Heads ask why schools aren't online as Covid surges

Heads' unions question why government is keeping school doors open after rapid testing plan is announced in South East
10th December 2020, 6:38pm
John Roberts

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Heads ask why schools aren't online as Covid surges

https://www.tes.com/magazine/archived/heads-ask-why-schools-arent-online-covid-surges
Covid: Why Are Schools Not Being Closed, Ask Headteachers

School leaders are questioning why the government is not moving lessons online after health secretary Matt Hancock revealed plans for rapid Covid-19 testing for all secondary-age pupils in the worst-hit areas of the South East.

Both the NAHT school leaders' union and the Association of School and College Leaders have questioned why schools are not moving to remote learning after the government's announcement on the need for mass testing tonight.


Covid: Rapid mass testing plan for secondary school pupils announced

Wales: All secondary schools and colleges move to online learning

Warning: Fears Covid in schools will cancel teachers' Christmas


The plan for immediate testing of pupils in parts of London, Kent and Essex came as the Welsh government announced that all the nation's secondary schools and colleges are moving to online learning from Monday in an effort to reduce Covid transmission.

Covid: Calls for schools to switch to online teaching

Wales' education minister, Kirsty Williams, said its chief medical officer advised that the public health situation in the country was deteriorating.

Now headteachers' unions are asking why the government isn't making a similar move in England.

Commenting on the mass testing plan, the NAHT's general secretary, Paul Whiteman, said: "This is clearly a very serious new development, and the government's first priority must be the safety of those involved.

"The government is yet to explain why during this emergency testing period public health is best served by schools remaining fully open.

"A very short-term period of home learning while test results are obtained would ensure further transmission does not occur in schools amongst the most affected group.

"Government must provide a clear explanation to school leaders, parents and pupils so that communities can have confidence in the government's approach."

ASCL general secretary Geoff Barton said: "We have to question why the plan is to mass test children, and there is apparently no consideration of moving to remote learning for the last week of term.

"The number of infections in these areas is very similar to the situation in parts of Wales, where the government there has decided to move to remote learning in secondary schools and colleges from Monday.

"We really do hope that this is not another sign of the government in Westminster ploughing ahead with its insistence that schools should remain fully open in England come what may.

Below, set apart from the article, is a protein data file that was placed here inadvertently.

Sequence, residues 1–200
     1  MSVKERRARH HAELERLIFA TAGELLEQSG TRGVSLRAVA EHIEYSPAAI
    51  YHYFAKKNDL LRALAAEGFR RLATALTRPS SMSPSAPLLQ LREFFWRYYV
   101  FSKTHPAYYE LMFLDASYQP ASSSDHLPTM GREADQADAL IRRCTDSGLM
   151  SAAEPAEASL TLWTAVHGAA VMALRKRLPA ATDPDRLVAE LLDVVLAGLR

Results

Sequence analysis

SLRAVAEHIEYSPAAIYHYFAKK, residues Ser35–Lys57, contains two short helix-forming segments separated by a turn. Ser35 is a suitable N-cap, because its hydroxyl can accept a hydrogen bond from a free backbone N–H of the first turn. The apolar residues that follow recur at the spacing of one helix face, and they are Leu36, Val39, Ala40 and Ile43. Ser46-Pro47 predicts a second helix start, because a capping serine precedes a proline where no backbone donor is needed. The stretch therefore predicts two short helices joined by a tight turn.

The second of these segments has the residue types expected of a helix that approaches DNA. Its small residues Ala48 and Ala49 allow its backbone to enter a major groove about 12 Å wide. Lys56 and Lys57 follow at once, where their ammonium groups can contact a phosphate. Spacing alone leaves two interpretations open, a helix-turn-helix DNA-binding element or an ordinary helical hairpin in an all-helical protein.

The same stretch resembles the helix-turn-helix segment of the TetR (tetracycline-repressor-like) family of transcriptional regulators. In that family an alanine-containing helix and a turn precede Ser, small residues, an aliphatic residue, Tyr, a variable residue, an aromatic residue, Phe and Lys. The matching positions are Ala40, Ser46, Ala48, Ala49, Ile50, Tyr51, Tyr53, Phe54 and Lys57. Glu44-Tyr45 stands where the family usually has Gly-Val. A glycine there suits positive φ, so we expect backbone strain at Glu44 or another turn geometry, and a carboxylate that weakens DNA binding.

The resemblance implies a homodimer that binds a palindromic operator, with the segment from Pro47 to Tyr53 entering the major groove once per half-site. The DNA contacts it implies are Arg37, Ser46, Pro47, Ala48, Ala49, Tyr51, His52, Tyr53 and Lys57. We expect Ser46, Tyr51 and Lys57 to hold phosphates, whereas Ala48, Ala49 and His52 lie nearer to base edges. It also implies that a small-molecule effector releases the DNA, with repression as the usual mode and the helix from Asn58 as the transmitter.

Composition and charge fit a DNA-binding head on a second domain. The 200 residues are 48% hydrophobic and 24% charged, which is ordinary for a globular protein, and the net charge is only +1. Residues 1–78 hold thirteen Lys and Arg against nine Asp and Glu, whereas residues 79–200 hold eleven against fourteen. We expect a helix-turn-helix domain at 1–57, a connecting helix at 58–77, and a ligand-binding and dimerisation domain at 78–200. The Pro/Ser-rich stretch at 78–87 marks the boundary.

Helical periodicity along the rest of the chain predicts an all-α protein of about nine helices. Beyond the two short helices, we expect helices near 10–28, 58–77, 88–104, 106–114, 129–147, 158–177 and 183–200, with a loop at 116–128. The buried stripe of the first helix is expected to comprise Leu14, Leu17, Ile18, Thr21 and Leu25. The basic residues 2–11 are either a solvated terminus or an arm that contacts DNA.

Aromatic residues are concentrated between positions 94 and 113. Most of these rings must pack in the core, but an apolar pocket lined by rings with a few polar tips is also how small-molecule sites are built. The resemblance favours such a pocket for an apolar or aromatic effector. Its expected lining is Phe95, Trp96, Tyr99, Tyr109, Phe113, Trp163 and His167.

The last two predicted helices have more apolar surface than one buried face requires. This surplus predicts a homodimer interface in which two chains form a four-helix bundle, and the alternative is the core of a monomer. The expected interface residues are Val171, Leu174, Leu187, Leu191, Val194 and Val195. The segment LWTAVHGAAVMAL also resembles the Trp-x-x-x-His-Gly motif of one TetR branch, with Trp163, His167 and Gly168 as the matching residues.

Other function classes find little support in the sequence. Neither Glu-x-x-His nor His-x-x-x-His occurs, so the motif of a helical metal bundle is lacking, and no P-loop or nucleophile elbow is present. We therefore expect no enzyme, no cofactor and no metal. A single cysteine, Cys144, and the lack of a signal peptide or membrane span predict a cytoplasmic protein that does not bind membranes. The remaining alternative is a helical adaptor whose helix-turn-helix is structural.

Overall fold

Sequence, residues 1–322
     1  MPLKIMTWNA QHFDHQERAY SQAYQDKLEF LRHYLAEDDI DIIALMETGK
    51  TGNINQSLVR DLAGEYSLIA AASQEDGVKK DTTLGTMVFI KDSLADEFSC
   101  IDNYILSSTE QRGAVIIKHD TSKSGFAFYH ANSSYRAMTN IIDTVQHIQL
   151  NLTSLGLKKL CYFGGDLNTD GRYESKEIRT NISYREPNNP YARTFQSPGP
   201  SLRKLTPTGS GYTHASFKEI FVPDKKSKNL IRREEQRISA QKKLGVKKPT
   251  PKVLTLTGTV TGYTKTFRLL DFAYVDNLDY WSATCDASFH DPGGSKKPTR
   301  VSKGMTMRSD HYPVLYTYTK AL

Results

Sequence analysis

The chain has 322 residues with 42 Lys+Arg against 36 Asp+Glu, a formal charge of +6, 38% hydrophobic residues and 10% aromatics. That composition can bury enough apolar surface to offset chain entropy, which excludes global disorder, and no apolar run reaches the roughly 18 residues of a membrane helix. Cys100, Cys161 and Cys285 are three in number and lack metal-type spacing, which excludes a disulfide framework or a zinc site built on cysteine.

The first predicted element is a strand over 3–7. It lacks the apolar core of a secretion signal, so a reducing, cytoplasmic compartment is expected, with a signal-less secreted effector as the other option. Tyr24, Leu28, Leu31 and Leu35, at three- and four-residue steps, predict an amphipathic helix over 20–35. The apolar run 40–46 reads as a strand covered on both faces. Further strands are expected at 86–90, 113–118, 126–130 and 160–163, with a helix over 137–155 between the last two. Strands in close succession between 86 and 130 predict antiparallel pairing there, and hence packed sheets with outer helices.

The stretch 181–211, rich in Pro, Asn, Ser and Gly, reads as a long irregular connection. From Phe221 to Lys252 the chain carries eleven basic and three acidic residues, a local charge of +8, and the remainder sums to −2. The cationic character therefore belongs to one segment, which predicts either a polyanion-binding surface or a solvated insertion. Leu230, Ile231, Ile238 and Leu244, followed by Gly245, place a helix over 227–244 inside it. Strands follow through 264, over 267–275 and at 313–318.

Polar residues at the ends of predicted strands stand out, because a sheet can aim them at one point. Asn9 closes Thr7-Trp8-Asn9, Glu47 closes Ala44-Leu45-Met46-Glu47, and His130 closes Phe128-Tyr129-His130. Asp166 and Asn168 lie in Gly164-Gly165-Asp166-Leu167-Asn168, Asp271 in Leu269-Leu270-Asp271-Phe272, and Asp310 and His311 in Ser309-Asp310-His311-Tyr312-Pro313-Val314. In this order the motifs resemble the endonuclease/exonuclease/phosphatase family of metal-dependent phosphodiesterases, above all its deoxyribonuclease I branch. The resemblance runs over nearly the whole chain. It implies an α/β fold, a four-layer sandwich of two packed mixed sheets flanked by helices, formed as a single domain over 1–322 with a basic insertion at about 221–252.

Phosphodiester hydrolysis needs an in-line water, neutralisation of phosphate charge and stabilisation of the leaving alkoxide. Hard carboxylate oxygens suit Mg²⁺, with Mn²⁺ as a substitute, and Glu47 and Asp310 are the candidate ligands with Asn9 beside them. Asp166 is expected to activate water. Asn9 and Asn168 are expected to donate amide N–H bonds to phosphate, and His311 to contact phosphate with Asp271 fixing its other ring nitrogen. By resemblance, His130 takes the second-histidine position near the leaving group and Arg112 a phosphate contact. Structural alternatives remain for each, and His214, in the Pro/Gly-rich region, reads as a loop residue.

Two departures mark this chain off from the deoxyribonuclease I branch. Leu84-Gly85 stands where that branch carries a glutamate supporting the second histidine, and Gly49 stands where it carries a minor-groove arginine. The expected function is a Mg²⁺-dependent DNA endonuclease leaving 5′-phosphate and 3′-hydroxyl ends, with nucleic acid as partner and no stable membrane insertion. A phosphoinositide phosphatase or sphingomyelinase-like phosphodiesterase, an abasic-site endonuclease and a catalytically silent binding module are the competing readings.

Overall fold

"If there is an immediate concern over infection rates, can we really afford the delay involved in rolling out mass testing and obtaining results?"

At the government's press conference tonight, Mr Hancock said he was particularly concerned about the number of Covid cases in London, Kent and Essex.

He announced plans for immediate mass testing of secondary school students in the worst-hit areas.

Mr Hancock said that the government would provide testing for "all secondary school-aged children in the seven worst affected boroughs of London, in parts of Essex that border London and parts of Kent".

Kevin Courtney, joint general secretary of the NEU teaching union, said: "Finally, the government has woken up to the fact that schools are a major centre of transmission for Covid.

"This has been glaringly obvious for weeks. Rolling out testing in these two areas is a start, but the prime minister needs to urgently address those other parts of the country where infection rates remain high.  

"Parents will welcome this news, but they will, at the same time, recognise the government's pattern of behaviour when it comes to schools.

"This follows hot on the heels of their ludicrous last-minute suggestion that December 18 should become an Inset day, demonstrating a quite staggering disconnect between ministers and the lived experience of schools.  

"Case counts would not be so extreme in schools if government had agreed to the early closing of schools and a take-up in online learning ahead of Christmas, and if they had followed our suggestions about secondary schools moving to rota operation. The decision to move all secondary teaching online in Wales is a much more robust response to an increasingly worrying situation." 

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